Who? The Chevalier de Lamarck, that’s who. Born 1 August 1744, he was the first evolutionary biologist who gave a mechanism that could, in principle, explain adaptation. Even though his mechanism was wrong, he was a true pioneer and a great biologist. (I’ll leave this post short, so as not to push Matt’s photo contest off the page).

Actias luna

Photograph by Tom Gillespie.

Photography Contest, Second Place.


Actias luna – Luna moth, Duluth, Georgia. Shot from underneath, as it was resting upside-down in my azalea bush.

Domesticated: Book review


A number of years ago, I found a family of raccoons living in my chimney.1 I got them out by dropping a trouble light down the flue and turning it on for a few days. According to Richard C. Francis, in his splendid book, Domesticated, animals such as raccoons living in urbanized areas represent the first step toward domesticating those animals.

The full title of the book is Domesticated: Evolution in a Man-Made World, and Francis shows in considerable detail how various animals became domesticated: dogs, cats, pigs, sheep and goats, reindeer, camels, horses, rodents, and perhaps humans, as well as other predators such as raccoons and ferrets. Each scenario is slightly different, each seems well documented, and each has just a little bit of just-so story in it.

Melting of polar ice


Photograph by Dan Moore.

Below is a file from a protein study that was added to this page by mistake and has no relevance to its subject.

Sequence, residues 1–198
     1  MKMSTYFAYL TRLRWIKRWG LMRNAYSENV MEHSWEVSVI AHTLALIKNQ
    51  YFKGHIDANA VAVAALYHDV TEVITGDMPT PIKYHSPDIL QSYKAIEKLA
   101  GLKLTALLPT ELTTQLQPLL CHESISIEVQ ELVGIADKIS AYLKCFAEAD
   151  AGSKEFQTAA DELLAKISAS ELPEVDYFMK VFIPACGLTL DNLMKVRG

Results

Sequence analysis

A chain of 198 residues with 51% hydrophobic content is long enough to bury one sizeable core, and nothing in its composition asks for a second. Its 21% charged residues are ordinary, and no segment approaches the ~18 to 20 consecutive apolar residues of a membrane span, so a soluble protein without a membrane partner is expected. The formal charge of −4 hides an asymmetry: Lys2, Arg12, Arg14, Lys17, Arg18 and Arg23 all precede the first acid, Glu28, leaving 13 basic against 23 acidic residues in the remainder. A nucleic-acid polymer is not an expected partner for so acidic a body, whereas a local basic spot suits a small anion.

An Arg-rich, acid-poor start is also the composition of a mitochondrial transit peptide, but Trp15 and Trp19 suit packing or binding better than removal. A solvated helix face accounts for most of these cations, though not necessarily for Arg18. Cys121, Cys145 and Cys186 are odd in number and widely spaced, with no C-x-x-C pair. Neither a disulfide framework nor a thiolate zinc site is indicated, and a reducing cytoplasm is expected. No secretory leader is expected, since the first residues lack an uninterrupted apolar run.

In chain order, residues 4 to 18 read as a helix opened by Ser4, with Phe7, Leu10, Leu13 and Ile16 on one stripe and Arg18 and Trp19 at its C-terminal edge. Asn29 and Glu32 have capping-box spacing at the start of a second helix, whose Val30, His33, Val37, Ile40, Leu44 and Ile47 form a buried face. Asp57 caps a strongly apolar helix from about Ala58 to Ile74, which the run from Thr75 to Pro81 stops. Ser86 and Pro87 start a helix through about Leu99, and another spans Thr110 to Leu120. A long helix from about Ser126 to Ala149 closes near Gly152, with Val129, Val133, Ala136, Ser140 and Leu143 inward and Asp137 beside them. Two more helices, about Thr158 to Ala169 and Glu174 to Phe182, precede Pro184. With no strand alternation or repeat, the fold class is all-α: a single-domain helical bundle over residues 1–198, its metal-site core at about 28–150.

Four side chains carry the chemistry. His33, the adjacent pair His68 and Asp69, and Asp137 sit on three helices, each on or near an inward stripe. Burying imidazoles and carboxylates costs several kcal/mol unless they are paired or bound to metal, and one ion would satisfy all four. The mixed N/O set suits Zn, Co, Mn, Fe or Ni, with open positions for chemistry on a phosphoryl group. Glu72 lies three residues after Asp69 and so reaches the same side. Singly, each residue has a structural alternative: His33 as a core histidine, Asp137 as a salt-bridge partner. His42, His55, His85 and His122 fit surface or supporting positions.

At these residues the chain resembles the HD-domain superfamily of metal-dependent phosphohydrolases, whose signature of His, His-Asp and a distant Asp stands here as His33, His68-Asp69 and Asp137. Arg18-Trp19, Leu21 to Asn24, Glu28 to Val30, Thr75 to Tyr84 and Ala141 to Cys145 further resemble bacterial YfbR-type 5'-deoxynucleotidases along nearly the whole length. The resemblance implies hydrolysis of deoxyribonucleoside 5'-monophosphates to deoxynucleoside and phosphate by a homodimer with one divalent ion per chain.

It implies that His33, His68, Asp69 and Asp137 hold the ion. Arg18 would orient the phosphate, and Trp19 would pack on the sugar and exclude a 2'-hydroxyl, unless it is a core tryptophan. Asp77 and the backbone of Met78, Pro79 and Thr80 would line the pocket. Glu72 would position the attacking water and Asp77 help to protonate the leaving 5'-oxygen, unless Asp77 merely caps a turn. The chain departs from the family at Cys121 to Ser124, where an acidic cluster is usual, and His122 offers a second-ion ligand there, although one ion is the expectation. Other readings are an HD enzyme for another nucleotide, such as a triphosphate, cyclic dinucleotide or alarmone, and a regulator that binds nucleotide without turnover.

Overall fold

Photography Contest VII: Winner.


Melting of polar ice. Mr. Moore writes, “Our ship got caught in the ice and had to be freed by a Canadian ice breaker. Global warming – what?? Actually, yes – we could not get through because so much ice broke free further north near the polar ice cap and was blown south into the shipping channels.” Mr. Moore will receive a signed copy of Why Evolution Works (and Creationism Fails), which has been donated by one of the authors.

Here are the finalists of the 2015 photography contest. We received 16 photographs from 7 photographers, somewhat fewer than in previous years. This year we decided to choose 1 picture from each entrant and enlisted our wife to help with the choices. The text was written by the photographers and lightly edited for consistency.

The finalists are given below the proverbial fold, in alphabetical order of last name. Please look through their photographs before voting for your favorite. You will have to be logged in to vote on the poll. We know it is possible to game these polls. Please be responsible and vote only once. If we think that the results are invalid, we will cancel the contest.

Polling will close Friday, July 17, at approximately 12:00 CST.

Reed Cartwright contributed to this post.

Zenaida macroura


Zenaida macroura – mourning dove, Walden Ponds Wildlife Habitat, Boulder, Colorado, spring, 2015. I have not seen nor heard a mourning dove within the city limits since the collared doves took over.

Photography contest finalists next week, July 6, noon, CST.